The capital budget request reflects the recessionary times, too, with a package of requests that would support construction jobs to bolster the economy. The requests signal a shift in favor of efforts to better care for existing university facilities and reduce deferred maintenance backlogs. The request is as follows.

  • Minor Capital Preservation — $35 million
  • Minor Capital Program — $10 million
  • Johnson Hall Demolition — $8 million
  • Campus Fire Protection and Domestic Water Reservoir — $8 million
  • WSU Vancouver Life Sciences Building Construction — $52.6 million
  • WSU Spokane Phase One Building Renovation — $15 million
  • WSU Pullman Sciences Building predesign — $500,000
  • WSU Pullman STEM Teaching and Replacement Building predesign — $500,000
  • WSU Pullman STEM Teaching Labs — $4.9 million
  • Clark Hall Research Lab Renovation — $4.9 million

State revenue forecast improves

The state’s operating budget deficit was cut in half Wednesday when a new report improved the outlook for the rest of the current fiscal year and the two-year budget cycle set to begin July 1.

The Economic and Revenue Forecast Council improved the bottom line in the current biennium by $2.2 billion and by $2.4 billion in the 21-23 biennium. You can read its full report here and you can find the press release from the state budget office here.

While undoubtedly good news, there remains much downside risk in the economy and anticipated revenues could slide once more in future forecasts. Some unanticipated economic activity occurred as the result of federal stimulus efforts that are unlikely to be repeated. Further, any shift in aerospace production would have significant ripple effects throughout the state.

The Council will produce another forecast in November. The governor will use assumptions made in that forecast to write his 2021-23 operating budget proposal. The Legislature will draft its proposal based on the subsequent forecast that is likely to be issued in February.

WSU researchers present on cannabis study efforts

WSU faculty specializing in cannabis research this week told a legislative panel their wide-ranging portfolio is dependent upon collaboration with outside stakeholders.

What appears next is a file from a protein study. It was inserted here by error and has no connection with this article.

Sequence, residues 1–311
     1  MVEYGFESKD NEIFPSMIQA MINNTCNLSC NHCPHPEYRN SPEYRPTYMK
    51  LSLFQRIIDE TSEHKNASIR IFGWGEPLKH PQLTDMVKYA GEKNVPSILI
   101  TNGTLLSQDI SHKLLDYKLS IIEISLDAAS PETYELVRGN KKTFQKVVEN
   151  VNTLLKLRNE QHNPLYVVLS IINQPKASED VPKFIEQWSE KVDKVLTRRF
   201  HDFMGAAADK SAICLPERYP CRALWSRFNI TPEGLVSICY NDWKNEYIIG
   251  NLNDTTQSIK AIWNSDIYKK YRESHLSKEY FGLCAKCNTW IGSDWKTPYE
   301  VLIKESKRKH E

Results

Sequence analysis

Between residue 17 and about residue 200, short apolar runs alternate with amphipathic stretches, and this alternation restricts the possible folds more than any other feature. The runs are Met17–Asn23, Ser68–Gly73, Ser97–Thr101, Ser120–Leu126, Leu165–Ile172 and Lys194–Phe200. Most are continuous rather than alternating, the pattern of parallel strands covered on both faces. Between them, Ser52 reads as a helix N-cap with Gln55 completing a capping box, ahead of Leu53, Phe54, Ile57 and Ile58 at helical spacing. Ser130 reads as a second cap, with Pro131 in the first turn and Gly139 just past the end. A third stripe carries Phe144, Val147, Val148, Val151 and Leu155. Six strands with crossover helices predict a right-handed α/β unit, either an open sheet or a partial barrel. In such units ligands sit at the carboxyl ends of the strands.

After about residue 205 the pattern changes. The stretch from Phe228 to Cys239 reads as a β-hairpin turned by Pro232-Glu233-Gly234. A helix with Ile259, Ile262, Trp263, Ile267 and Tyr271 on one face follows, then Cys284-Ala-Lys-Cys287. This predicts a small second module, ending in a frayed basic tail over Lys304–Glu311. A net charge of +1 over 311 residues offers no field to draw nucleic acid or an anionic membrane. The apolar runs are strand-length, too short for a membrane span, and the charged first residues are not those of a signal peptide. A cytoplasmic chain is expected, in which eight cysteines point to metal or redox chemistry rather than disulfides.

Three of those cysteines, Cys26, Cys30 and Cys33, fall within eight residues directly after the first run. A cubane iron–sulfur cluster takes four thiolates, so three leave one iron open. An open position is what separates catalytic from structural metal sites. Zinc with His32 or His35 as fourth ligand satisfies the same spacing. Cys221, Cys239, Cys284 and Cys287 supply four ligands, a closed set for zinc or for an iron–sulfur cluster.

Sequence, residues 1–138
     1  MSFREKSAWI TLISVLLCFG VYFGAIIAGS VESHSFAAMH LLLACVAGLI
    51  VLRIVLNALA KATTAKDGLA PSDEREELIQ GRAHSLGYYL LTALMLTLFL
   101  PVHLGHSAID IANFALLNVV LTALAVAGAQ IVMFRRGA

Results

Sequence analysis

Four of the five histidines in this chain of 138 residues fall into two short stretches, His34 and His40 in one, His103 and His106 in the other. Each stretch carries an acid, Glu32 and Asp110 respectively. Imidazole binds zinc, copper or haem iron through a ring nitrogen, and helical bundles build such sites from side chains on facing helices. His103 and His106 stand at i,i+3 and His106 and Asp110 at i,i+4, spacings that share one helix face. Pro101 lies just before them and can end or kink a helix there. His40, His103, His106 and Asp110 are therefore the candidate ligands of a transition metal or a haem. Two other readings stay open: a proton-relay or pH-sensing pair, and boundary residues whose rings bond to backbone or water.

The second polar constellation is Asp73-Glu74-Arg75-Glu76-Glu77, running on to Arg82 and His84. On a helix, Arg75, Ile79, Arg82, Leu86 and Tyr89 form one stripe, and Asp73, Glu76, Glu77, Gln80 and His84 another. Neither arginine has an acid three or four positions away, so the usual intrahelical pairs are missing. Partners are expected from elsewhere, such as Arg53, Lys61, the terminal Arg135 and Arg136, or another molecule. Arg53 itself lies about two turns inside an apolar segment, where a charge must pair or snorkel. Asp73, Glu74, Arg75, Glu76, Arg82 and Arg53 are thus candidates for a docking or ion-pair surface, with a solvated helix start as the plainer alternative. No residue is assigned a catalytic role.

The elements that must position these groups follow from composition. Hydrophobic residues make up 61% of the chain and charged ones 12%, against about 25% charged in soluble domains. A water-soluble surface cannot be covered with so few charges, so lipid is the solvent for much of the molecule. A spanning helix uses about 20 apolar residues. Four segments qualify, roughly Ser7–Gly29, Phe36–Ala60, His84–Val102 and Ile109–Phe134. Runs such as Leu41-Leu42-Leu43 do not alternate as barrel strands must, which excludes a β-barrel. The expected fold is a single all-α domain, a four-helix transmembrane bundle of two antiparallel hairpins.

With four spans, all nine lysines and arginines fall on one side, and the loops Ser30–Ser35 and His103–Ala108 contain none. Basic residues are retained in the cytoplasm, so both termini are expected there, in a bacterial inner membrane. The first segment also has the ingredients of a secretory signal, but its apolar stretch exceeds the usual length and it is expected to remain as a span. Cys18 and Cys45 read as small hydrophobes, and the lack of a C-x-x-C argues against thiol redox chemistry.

In a virtual work session before the state House of Representative’s Commerce & Gaming Committee, researchers Michael McDonnell, Ryan McLaughlin, Dr. Celestina Barbosa-Leiker provided legislators just a sample of the university’s cannabis research that is funded by proceeds from 2012’s Initiative 502, which decriminalized cannabis in Washington.

McDonnell, Associate Professor at the WSU Elson S. Floyd College of Medicine and Chair of the Collaborative for Cannabis Policy, Research & Outreach shared that the research collaborative has conducted 73 projects, leveraging state funding to secure external funding to support  $4.1 million in research activity.

“We believe as a land grant institution that we are better together” shared McDonnell, referencing collaborations and close partnerships with the Liquor and Cannabis Board, Washington State Department of Agriculture, Washington Health Care Authority, the University of Washington Cannabis Research Center, the Tribal-Qwibil Consultation Research Center and the national Council on Government Research’s Cannabis Research group.

McLaughlin, Assistant Professor at the WSU College of Veterinarian Medicine, works in the Integrative Physiology and Neuroscience program at WSU. He presented his research in modeling cannabis use in rodents and how he has used that to subsequently model use of cannabis in human populations such as adolescents or pregnant women.